This review was originally published on Pol Culture.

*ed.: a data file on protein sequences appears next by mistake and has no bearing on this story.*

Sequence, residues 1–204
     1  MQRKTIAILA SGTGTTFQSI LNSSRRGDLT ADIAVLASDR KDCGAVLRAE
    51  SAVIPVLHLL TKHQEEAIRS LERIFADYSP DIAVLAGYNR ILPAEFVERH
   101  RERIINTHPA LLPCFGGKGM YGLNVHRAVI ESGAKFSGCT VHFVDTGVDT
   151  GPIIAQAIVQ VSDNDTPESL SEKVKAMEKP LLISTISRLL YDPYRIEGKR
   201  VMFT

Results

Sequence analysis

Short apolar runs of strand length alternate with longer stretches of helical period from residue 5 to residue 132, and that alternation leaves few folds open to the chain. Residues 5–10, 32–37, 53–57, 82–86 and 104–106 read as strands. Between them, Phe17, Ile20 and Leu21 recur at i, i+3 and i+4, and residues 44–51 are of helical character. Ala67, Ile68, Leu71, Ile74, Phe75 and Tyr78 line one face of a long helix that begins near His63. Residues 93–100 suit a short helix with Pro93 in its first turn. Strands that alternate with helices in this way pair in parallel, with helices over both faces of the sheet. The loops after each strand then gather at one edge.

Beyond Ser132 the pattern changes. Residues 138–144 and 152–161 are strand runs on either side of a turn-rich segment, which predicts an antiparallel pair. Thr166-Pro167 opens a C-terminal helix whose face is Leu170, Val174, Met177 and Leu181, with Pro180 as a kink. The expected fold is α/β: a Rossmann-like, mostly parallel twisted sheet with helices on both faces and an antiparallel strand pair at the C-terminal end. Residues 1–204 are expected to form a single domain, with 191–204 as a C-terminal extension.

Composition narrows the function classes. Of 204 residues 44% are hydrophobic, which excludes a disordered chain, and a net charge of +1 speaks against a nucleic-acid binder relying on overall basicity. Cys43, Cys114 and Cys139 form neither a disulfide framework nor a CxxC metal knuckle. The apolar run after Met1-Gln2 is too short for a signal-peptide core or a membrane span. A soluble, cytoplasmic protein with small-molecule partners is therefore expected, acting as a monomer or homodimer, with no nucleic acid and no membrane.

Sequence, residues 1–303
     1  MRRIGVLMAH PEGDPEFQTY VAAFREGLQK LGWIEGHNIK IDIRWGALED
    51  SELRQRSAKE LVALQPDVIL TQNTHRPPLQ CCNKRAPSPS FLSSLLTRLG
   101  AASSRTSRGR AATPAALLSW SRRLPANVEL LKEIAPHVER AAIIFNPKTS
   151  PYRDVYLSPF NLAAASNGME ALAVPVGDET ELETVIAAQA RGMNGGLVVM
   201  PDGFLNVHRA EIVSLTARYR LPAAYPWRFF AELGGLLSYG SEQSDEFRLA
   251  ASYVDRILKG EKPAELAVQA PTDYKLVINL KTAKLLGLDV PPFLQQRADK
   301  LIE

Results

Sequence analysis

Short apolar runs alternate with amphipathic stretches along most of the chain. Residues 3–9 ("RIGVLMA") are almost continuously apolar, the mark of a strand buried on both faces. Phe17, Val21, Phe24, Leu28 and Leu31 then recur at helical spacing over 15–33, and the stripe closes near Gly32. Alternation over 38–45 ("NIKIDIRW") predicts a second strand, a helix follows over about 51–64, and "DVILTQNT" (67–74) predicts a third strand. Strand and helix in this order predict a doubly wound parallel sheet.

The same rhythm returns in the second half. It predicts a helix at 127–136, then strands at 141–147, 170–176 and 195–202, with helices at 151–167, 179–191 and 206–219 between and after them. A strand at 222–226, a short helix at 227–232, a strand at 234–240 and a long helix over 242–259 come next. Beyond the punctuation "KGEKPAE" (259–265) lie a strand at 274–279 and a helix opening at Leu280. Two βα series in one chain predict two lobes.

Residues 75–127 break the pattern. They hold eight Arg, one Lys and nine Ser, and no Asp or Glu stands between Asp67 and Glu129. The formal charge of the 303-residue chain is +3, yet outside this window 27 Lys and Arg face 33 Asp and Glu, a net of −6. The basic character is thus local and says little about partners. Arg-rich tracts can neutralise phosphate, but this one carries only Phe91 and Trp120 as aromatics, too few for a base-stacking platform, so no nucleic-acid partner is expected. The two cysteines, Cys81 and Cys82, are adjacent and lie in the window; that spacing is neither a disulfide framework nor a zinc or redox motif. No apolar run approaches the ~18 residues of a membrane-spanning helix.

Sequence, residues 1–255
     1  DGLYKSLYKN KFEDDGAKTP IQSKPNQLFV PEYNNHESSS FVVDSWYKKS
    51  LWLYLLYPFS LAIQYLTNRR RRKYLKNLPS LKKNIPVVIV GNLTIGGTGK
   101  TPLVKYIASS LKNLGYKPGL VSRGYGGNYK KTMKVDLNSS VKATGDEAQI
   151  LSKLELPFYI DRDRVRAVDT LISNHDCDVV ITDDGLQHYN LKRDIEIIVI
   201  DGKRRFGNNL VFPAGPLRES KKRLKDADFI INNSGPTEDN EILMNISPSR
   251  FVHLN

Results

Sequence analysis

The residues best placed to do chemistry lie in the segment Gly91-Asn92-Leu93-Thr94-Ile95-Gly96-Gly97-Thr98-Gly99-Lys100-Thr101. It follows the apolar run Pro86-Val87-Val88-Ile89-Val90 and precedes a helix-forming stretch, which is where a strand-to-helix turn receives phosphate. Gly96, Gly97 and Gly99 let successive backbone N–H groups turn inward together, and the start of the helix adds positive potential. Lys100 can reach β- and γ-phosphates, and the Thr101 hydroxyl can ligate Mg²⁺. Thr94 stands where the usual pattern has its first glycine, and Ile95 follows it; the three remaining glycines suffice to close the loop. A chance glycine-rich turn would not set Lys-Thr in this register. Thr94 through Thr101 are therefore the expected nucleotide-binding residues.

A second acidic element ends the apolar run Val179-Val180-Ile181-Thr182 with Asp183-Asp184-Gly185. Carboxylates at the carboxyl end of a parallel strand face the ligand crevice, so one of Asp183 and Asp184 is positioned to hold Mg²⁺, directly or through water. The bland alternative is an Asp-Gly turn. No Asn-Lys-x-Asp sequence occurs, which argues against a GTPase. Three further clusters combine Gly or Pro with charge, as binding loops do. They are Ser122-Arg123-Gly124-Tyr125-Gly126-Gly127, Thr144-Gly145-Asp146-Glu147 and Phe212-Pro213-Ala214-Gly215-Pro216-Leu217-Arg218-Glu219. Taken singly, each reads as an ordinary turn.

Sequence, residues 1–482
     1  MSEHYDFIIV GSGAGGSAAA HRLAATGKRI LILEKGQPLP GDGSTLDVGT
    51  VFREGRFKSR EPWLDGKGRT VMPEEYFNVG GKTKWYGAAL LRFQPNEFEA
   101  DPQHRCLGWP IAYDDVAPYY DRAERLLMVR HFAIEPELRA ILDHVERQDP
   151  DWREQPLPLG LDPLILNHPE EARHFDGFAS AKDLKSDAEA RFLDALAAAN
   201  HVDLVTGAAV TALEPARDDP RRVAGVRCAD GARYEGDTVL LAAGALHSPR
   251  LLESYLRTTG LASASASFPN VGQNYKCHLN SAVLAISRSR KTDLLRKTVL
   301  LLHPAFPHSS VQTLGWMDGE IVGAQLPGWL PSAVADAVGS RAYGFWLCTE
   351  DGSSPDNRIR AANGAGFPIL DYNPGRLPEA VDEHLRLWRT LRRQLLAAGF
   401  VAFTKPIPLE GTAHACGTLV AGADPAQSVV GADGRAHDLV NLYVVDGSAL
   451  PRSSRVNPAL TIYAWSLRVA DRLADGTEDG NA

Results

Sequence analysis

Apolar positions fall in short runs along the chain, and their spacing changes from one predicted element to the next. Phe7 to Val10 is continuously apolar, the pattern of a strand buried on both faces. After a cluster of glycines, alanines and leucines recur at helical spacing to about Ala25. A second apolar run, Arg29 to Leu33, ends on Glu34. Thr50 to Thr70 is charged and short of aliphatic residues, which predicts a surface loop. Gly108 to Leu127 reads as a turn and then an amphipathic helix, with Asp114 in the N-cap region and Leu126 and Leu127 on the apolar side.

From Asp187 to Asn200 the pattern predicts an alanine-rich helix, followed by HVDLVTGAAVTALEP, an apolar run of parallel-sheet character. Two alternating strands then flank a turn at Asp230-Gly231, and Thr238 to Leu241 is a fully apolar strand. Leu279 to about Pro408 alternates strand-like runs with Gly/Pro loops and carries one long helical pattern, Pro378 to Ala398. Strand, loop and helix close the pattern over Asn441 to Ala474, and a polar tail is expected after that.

Terrence Malick’s fifth feature, The Tree of Life, is a great film, and perhaps his best. Its centerpiece is a richly detailed look at life in Texas during the 1950s, as seen through the eyes of a middle-school-aged boy (Hunter McCracken). We see his experiences with his brothers and friends, as well as his ambivalent view of his mother (Jessica Chastain). The film is at its most eloquent when it explores his extremely complicated feelings towards his authoritarian father (Brad Pitt). Malick stages, shoots, and edits the picture in an impressionistic style that’s nothing less than dazzling. It dances from shot to shot and scene to scene with the utmost elegance. It’s one of the few films that truly deserves to be called lyrical. Malick’s filmmaking artistry is at such a high level that one easily forgives the pretentious aspects of his script, most specifically the life through the eons nature allegory during the film’s first third. When the picture settles into the 1950s sections, one feels one could watch it forever. Sean Penn appears in the film's framing scenes as the protagonist in middle age. The masterful cinematography is by Emmanuel Lubezki.